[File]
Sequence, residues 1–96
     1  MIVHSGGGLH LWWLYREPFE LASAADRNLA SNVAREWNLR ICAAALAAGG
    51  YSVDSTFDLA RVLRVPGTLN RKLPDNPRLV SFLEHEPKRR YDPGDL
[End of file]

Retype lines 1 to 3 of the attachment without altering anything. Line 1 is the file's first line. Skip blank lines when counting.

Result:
Sequence, residues 1–96
     1  MIVHSGGGLH LWWLYREPFE LASAADRNLA SNVAREWNLR ICAAALAAGG
    51  YSVDSTFDLA RVLRVPGTLN RKLPDNPRLV SFLEHEPKRR YDPGDL